Faites que le rêve dévore votre vie, afin que la vie ne dévore votre rêve … (Antoine de Saint-Exupéry)

Monday, April 2, 2012

Yours Truly, Goldilocks

Title: Yours Truly, Goldilocks
Author: Alma Flor Ada
Illustrator: Leslie Tryon
Publisher: Atheneum Books for Young Readers
Edition: August 1, 2001
Language: English
40 pages
Ages 4 and up

Goldilocks, the Little Red Riding Hood, the Three Pigs, and other well-known fairy tales characters come to life in this enchanting little book.

The epistolary form used to tell the story  is imaginative and very well done. Each letter is written in a different typography (hand writing) and on a different stationery, details which add to the charm of this book. 

I read this book to 1st and 2nd grade students. They enjoyed the story and the illustrations very much and loved to look at the detailed map.

 It is a great way to teach student about letters. But the vocabulary can be very difficult for young readers. I understand that some letters were written by the wolves, aka the "older" characters in the story, but the story is meant for children and so the humor was totally lost on them.  It was however not lost on me as I had a good laugh about it.

So overall I would recommend this book, even to young children but an older audience would probably like it more. Just expect to explain quite a few words to children as they won't always understand the vocabulary.

Just Being Audrey

Title: Just Being Audrey
Author: Margaret Cardillo
Illustrator: Julia Denos
Publisher: Balzer + Bray, An Imprint of Harper Collins Publishers
First edition: January 25, 2011
Language: English
32 pages
Ages 4 and up

“Just Being Audrey” by Margaret Cardillo, illustrated by Julia Denos. A lovely and short biography of Audrey Hepburn’s life. The drawings are all amazing! It’s a very nice book to read to children!

The story starts when Audrey is very small.  A side of her life that not many know, especially if you have never read biographies about her.

The book talks about her dream of becoming a ballerina dancer.  I love this part because it shows that despite being teased at school, Audrey kept thinking about her dream and persevered in her work.

And how she became an actress. Gorgeous drawing by Denos!

The book also mentions her life outside the screen.  Despite being rich and famous, Audrey never forgot the poor and helpless and I think this is important to remember about her.

There are many more illustrations and they are wonderful to look at. The text is easy to read and the drawings complement the text perfectly.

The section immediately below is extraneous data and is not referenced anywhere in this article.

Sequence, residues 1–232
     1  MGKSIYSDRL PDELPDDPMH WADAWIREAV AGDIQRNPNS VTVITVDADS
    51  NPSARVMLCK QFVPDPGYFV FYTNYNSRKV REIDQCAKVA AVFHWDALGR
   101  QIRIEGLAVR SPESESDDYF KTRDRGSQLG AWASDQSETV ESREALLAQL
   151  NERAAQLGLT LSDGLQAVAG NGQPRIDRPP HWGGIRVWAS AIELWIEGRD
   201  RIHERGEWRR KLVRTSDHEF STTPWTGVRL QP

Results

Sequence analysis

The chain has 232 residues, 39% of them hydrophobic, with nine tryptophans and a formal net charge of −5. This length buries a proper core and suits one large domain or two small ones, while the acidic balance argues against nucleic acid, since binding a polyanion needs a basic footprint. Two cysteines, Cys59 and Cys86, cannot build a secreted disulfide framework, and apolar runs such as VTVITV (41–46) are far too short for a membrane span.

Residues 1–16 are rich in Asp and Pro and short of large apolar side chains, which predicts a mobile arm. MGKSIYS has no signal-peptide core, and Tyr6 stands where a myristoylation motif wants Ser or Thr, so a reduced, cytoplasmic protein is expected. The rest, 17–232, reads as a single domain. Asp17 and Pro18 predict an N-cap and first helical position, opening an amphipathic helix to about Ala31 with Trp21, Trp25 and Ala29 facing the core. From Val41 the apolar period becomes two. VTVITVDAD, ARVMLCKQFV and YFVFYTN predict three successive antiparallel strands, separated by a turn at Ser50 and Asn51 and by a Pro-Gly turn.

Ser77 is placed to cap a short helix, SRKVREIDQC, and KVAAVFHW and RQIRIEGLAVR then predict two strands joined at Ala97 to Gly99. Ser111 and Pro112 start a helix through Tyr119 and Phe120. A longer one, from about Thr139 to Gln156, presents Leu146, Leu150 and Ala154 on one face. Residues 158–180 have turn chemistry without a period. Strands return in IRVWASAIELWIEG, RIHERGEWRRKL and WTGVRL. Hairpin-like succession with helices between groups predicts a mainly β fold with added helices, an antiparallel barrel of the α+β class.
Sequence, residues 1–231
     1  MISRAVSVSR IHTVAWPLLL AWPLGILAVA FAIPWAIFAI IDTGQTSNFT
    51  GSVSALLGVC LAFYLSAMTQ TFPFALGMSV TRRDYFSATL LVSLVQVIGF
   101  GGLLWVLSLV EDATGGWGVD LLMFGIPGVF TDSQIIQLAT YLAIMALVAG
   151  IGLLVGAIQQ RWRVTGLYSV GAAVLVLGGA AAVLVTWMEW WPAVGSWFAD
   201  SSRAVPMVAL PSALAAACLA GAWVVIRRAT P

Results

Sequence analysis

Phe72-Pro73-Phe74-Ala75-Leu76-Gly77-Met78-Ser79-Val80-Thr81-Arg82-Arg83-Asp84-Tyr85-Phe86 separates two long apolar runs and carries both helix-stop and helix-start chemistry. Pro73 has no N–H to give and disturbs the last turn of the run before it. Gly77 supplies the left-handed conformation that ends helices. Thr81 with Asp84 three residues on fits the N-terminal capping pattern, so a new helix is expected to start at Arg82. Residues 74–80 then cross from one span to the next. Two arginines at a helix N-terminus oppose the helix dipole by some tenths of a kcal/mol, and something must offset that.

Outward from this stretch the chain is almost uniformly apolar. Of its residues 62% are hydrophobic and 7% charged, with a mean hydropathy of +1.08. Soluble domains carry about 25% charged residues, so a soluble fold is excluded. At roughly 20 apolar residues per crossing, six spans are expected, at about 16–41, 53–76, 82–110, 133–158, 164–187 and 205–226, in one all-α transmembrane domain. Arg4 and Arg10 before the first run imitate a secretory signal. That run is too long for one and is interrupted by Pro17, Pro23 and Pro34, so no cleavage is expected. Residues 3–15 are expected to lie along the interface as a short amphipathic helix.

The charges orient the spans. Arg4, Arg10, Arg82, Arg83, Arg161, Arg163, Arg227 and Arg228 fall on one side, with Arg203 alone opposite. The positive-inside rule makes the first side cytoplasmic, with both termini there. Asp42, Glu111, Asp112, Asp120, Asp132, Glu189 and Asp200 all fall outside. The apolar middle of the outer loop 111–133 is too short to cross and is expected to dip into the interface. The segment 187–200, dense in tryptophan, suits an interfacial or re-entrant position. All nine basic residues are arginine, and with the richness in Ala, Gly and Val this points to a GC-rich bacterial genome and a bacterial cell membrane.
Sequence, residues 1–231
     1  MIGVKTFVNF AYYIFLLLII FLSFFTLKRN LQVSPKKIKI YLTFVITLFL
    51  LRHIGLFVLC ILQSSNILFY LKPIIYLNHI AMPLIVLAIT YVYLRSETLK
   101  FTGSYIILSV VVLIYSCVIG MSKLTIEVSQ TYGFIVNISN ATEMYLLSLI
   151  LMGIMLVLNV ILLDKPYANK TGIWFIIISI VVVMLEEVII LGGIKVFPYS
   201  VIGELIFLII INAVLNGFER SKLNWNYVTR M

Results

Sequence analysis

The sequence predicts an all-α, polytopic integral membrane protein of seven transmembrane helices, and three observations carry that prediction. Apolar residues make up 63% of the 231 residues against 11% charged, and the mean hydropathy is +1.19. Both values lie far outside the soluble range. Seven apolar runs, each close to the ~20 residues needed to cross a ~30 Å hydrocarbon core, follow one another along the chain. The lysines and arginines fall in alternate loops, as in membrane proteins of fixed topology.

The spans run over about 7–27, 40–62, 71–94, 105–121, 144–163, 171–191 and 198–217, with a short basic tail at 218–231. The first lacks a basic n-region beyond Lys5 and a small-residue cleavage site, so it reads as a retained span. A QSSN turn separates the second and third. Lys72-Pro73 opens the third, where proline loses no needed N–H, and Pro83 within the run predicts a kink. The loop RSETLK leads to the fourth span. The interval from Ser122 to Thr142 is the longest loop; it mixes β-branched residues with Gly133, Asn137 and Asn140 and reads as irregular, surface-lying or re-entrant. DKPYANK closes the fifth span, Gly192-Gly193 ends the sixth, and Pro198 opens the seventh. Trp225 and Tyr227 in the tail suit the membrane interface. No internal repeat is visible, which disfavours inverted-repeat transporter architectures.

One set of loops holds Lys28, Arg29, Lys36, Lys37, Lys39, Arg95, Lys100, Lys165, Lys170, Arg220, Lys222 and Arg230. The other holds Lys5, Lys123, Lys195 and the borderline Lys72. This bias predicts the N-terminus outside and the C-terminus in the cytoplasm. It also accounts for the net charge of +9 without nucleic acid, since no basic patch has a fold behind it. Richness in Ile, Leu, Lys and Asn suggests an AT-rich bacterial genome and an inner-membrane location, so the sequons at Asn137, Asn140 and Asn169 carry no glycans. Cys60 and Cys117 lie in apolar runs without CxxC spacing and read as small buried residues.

I would recommend this book without hesitation because it is so heartwarming and sweet.

Audrey Hepburn is a great model of kindness and grace for children to learn from.

Monday, May 9, 2011

Yum Yum Bento Box

Title: Yum-Yum Bento Box
Authors: Crystal Watanabe and Maki Ogawa
Publisher: Quirk Books (July 1, 2010)
Language: English
144 pages all in color

Beautiful recipe book with detailed lush pictures on each page.
Maybe not simple to reproduce if one is not familiar with Bento but it gives many ideas.

Apart from te recipes, there is a section about common ingredients and tools used in bento box making.

I cannot say anything bad about this book because it was so cute and colorful!

Double click on picture for full size image. 

Saturday, February 19, 2011

The Lucky Shopping Manual

This Lucky Shopping Manual: building and improving your wardrobe piece by piece
By Kim France and Andrea Linett, editor in chief and creative director of Lucky magazine
Published by Gotham Books (October 2003)
320 pages in English, all in color

After I graduated and started working, I realized I could not longer wear my hoodies and sweat pants and had to switch to a more professional look. It was quite difficult to do so on a tight student budget and I really did not know what to buy either.  This book was really useful in that regards.  But I think it is also a very pretty book and anybody who wants to get a better closet could find it useful as well.

The Lucky Shopping Manual is divided into 14 chapters and some extras

Each chapter covers a type of clothing like Tops, Skirts, Pants, etc.

Each chapter has a section entitled Getting Dressed to show how to pair the clothing items

The Undergarment chapter's Getting Dressed section is very informative.

The Fit and Styling Tips section shows how to find the perfect fit for each clothing item.

There is a section about what is the best type of clothing for each body shape.

The Fashion Challenge section proposes daring or unusual pairing.

There is a section about what items to buy if you want to build a decent closet.

Apart from the 14 chapters, we also get a few extras like a peek into a celebrity's closet.

Another extra is a section about what to pack for a beach weekend, city weekend etc.

Some of the other extras are:
  • Streamline your wardrobe
  • Classics to collect
  • How to take care of your clothes
  • 10 Lucky Rules of Shopping
  • Cool stores around the country
I like this book very much because the pictures and colors are gorgeous and it is also informative.
The paper is glossy and each of the 320 pages are in color.  The pictures are displayed in a simple and elegant format.  Definitely a great present for yourself or for a friend.

Friday, January 14, 2011

La première gorgée de bière et autres plaisirs minuscules